Reform Scotland News: 25 July 2011


All newspaper references refer to Scottish editions. Where there is a link to a newspaper’s website, the relevant page reference is highlighted and underlined.


In addition to the newspaper stories outlined below, further news coverage can be found online at BBC News Scotland, STV News and Sky News.



Norway killings: Officers at Scotland Yard are seeking to establish whether Anders Breivik, the mass murderer who bombed Oslo and shot dead scores of victims at a nearby summer camp, was assisted by British accomplices. The search follows the revelation that a 1500-page plan written by the right-wing extremist was signed ‘London 2011’. In the document, Breivik claims to have been recruited at a meeting in London in 2002 hosted by two English extremists. He adds that he was just one of up to 80 European ‘solo martyr cells’ on a ‘crusade’ to overthrow governments tolerant of Islam. Breivik appears today in court in Oslo. (Times page 1, Telegraph page 1, Scotland on Sunday page 1, Sunday Herald page 1)


Army barracks: The construction of the new Scottish ‘super-barracks’ at Kirknewton, announced last week by Defence Secretary Liam Fox, could cost £400 million. It is reported that the sale of the barracks at Dreghorn and Redford and the Craigiehall headquarters will raise £70 million, leaving a considerable funding gap. It is also understood that despite the huge cost the new facility will not include accommodation for married soldiers, who will have to travel each day from army accommodation in Edinburgh.  A retired army colonel has described the plans as ‘ludicrous’. (Scotsman page 11)


Energy prices: Escalating energy prices will make the goal of eradicating fuel poverty by 2016 ‘extremely challenging’, according to Infrastructure and Capital Investment Minster Alex Neill. Mr Neill’s comments follow confirmation that 3 of the 6 biggest energy suppliers will increase their prices for electricity and gas. Labour has called for a reversal of the Scottish Government’s decision to cut the fuel poverty budget and has requested the involvement of the Competition Commission to investigate the price hikes. (Scotsman p14)


Energy compensation: The Energy and Climate Change select committee at Westminster has called on energy companies to pay compensation to customers who were mis-sold gas and electricity contracts on the doorstep. Energy regulator Ofgem estimates that 40% of people who switch providers do not get a better deal. The chairman of the Committee, Tim Yeo, said: ‘If it turns out consumers are being persuaded to switch contracts when it’s not in their best interests…then it would only be right for the energy companies to cough up compensation’. Scottish & Southern Energy recently suspended all of its doorstep sales activities after being found guilty of 2 counts of mis-selling.  (Scotsman page 20)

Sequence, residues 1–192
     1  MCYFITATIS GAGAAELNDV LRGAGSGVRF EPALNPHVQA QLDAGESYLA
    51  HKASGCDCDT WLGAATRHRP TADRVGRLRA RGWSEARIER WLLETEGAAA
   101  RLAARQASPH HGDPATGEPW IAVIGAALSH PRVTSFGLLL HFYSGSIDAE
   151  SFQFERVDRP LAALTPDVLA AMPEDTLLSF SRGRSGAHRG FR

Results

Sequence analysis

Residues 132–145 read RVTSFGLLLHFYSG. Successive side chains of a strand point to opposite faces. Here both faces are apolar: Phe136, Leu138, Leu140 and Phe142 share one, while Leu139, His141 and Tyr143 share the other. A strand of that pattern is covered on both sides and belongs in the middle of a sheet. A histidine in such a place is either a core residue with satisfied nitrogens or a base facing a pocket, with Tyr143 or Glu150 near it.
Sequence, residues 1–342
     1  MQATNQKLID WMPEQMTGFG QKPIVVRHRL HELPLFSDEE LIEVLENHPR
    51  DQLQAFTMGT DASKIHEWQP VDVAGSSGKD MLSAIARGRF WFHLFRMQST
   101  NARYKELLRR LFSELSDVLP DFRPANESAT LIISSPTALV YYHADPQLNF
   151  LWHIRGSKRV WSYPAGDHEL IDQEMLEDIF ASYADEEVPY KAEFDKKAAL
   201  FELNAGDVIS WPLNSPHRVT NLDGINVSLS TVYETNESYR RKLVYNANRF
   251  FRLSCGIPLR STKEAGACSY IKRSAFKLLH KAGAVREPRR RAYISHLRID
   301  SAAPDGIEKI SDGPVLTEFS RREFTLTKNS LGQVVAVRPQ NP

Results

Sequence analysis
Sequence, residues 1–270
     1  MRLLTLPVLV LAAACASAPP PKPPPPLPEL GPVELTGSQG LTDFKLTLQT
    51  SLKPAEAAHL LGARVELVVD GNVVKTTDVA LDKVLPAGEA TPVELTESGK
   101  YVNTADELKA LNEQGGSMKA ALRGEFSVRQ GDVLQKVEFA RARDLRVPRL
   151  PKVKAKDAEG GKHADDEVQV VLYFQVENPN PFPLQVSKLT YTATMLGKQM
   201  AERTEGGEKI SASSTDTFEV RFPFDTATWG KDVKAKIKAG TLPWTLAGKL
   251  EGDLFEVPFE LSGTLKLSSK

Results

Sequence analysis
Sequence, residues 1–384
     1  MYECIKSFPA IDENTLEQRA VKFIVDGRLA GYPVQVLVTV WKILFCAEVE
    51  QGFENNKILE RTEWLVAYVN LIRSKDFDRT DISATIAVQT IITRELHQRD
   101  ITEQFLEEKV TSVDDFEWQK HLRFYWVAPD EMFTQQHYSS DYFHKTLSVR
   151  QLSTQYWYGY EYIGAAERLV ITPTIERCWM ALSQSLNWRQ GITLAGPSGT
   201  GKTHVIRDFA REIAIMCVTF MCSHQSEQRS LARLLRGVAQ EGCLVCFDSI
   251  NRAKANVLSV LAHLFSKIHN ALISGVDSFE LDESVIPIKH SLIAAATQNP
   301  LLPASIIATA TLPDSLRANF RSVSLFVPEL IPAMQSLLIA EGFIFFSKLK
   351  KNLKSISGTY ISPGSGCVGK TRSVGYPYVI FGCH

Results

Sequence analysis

Economic outlook:  A survey of 1800 companies by Lloyds TSB Commercial reveals that firms in the current climate lack the confidence to invest for growth. Only one in five businesses expected to increase their level of investment over the coming six months.  A continued lack of domestic demand and a ‘weak’ outlook for profits are thought to be responsible. Better news has emerged from figures published by Begbies Traynor, who report that the total number of Scottish businesses in some degree of financial distress fell 4% over the year. This figure compares favourably with the UK-wide statistics which reveal an increase in 1.4%. (Scotsman, page 19, page 34)



Airport taxes: Airports in the north of England have expressed concerns over plans to devolve power on aviation taxes to Holyrood, fearing that passengers will travel north of the border to catch cheaper flights. Newcastle and Manchester airports claim that the Scottish Government’s commitment to lower Air Passenger Duty will put English airports at a competitive disadvantage, with one spokesman for Newcastle Airport predicting ‘devastating’ consequences for airports in the north-east of England. (Herald, page 8)



Stroke medicines: Health experts have warned that the replacement of warfarin with a new blood-thinning drug will add tens of millions of pounds to NHS Scotland’s medicine bill. While warfarin is associated with serious side-effects, it costs a mere £12 a year per patient, compared to the estimated £900 of Pradaxa, its proposed replacement. The change is expected to produce savings over the long-term, with fewer people suffering warfarin-related complications such as bleeds on the brain. However, experts believe that in the short-term, health boards will struggle with the extra costs. (Scotsman page 14)


Southern Cross: Pressure is mounting on the Scottish Government to prevent private companies from ‘cherry-picking’ the most profitable former Southern Cross care homes, leaving the rest to close. Labour MPs have written to the Scottish Secretary for Health, Nicola Sturgeon, asking that she support the suggestion of employees of the care group to run the 100 homes in Scotland as a co-operative. Labour MP Cathy Jamieson predicts that if the operations are taken over by a private operator, ‘the first thing that will be on the agenda is the closure of the homes in the pursuit of more profit’. She added that ‘the priority must be residents and staff, and not the bottom line of private investors’. (Herald page 10)